Although there are many things I miss about being young (all of them too obvious to detail here), one thing I don’t is the hyperawareness of age. When you are young and ambitious, your 20s can feel like a constant and unrelenting race, one in which you are vividly aware of not only your own position, but that of your peers as well. How many times did I moan about someone who seemed to be so much more accomplished than I? How much of my consciousness was dedicated to cataloging how many years (or months, even) younger or older a perceived rival was than I? I wanted to be a writer, and I wanted to be an editor in chief, and yet everyone always seemed so much further ahead of me; everyone else’s pace looked so much brisker, their triumph so much more assured.
Anyone who is reading this and in a similar position should take heart, however: At some point, those feelings will fade. You will realize that early professional success ensures nothing. You will also realize that the most important thing is not that you were first to accomplish something, but that you did so on your own terms, with as few compromises as possible. By this time, you’ll probably be nearing or in middle age, but the consolation prize for being in your 40s is the relief you’ll feel that, despite everything, you are free from that particular tyranny.
The ticking clock is, I’d venture, louder still for those of us living (or attempting to live) a creative life. We celebrate savants, prodigies, early promise. Your first gallery show, your first stage role, your first published book, your first runway collection — these are laudable moments; they happen for so few, and they should be celebrated. But it’s after the show closes or the curtain falls that the second test begins — the one in which you have to prove to yourself not just that you can produce art, but that you can be an artist. This test will consume the rest of your life, and although there will be moments of joy, the pursuit will often be lonely and mapless. Your age will not matter in this test; what will instead is your resilience, your durability and the singularity of your vision.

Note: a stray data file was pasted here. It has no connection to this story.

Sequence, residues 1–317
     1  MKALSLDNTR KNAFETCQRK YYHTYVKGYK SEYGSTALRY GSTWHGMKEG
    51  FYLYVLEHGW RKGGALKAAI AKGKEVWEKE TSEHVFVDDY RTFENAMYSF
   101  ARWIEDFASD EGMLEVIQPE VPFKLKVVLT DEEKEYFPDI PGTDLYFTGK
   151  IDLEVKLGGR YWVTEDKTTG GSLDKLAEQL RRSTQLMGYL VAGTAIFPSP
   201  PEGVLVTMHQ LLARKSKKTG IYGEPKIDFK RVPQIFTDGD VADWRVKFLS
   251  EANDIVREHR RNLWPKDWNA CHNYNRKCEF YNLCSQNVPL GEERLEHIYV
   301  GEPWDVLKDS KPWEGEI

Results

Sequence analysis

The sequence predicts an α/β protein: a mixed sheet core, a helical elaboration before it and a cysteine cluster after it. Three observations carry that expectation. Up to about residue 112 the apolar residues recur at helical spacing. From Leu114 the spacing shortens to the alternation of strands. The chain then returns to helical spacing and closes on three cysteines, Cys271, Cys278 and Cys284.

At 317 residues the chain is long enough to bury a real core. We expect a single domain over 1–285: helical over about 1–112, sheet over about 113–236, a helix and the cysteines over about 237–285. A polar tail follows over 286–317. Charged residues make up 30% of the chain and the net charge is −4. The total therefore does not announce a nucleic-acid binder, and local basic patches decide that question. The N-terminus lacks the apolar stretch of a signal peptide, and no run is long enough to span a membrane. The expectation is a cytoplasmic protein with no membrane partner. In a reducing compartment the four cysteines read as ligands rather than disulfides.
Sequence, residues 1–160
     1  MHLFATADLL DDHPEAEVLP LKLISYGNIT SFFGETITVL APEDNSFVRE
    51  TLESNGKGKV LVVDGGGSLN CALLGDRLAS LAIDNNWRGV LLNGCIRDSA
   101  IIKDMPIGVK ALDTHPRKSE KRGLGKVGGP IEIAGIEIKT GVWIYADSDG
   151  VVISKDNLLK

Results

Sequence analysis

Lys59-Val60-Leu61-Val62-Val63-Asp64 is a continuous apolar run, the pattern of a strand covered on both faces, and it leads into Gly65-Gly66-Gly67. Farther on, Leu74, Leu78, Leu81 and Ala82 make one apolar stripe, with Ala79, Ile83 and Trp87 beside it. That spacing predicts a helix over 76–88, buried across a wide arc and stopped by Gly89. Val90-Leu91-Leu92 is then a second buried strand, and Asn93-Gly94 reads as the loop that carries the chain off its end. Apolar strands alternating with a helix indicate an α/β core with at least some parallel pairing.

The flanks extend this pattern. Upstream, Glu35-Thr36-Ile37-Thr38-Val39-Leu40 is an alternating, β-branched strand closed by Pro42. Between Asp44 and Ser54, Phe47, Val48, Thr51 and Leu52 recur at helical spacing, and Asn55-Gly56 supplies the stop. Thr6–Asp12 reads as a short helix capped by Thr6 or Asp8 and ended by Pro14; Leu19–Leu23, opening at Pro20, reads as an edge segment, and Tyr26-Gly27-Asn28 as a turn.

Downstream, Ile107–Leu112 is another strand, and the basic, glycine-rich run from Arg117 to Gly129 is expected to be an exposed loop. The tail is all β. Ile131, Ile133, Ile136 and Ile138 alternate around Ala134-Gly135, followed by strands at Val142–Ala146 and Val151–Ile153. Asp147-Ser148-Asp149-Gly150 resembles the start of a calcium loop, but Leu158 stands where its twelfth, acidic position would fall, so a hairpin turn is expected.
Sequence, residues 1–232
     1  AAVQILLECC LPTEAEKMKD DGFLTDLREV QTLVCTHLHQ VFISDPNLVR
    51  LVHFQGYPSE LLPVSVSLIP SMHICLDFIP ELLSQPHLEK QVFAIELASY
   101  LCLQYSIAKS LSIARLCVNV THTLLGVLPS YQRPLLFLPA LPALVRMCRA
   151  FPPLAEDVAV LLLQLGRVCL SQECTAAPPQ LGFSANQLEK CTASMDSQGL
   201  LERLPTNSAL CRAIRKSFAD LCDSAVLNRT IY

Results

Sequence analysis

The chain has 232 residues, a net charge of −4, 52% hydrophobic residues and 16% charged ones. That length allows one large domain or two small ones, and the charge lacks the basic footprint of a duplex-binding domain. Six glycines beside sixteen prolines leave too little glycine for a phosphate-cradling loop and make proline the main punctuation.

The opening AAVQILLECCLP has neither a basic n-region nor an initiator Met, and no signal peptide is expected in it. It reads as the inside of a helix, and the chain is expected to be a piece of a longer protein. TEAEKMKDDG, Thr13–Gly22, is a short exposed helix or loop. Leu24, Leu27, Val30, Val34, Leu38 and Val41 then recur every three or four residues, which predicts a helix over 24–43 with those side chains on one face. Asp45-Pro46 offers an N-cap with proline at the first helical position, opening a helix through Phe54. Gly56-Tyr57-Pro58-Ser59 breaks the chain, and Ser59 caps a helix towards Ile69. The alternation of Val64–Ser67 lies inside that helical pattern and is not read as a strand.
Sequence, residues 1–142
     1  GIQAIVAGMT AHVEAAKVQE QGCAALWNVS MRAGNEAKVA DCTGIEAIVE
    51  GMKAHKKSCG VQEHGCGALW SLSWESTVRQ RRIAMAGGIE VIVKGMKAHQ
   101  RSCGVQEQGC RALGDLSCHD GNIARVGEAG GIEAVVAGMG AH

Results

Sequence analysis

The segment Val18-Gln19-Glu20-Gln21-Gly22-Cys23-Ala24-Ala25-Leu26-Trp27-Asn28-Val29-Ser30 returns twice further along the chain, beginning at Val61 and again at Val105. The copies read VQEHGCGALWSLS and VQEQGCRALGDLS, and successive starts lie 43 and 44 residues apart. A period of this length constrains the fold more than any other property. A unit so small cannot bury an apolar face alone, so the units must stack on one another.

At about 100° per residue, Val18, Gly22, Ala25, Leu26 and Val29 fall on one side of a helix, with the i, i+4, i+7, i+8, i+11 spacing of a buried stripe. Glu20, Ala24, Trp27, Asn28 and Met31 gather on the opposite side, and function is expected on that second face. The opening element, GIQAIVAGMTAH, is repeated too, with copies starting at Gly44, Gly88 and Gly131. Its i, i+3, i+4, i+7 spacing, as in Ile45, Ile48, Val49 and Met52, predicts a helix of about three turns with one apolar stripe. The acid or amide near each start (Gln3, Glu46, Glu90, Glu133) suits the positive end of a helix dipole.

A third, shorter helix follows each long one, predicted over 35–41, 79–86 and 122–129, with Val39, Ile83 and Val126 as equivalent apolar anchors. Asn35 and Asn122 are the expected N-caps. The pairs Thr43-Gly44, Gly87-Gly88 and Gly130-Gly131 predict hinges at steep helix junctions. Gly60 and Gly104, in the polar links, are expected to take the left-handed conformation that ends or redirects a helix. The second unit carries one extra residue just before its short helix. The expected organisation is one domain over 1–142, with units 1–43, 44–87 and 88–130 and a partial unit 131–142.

There are probably few fashion designers who understand this as vividly as Marc Jacobs. Jacobs was 29 and the creative director of Perry Ellis when he presented his infamous grunge collection, which made him an instant sensation. Now 56, he has been famous — and an artistic director — for almost half of his life. Over the course of his long career, he has been responsible for giving shape and relevance to American luxury; for transforming the business of fashion; for changing our perception of what an artistic director looks like and what a runway show can be. Of course, there have been disappointments as well: both professional and personal. And yet what I admire most about him is his constant vulnerability, the generosity of his imagination, his lack of cynicism, the wonder he’s able to make his audience feel. To see one of Jacobs’s shows is to witness the work of someone who has never become weary of creating, who knows — as all artists do — that every beginning is another chance to make the world anew. He is a reminder to all of us seeking to live a creative life that trying something different is not only not a bad thing, it is an imperative.
So don’t waste your time tracking who got there first, young artists. There is no stopwatch. What there is, finally, is you and a blank canvas, whether that canvas is a literal one, or whether it takes the form of a notebook or computer screen or rehearsal space or dress form. All you have to do is start. All you have to do is never stop.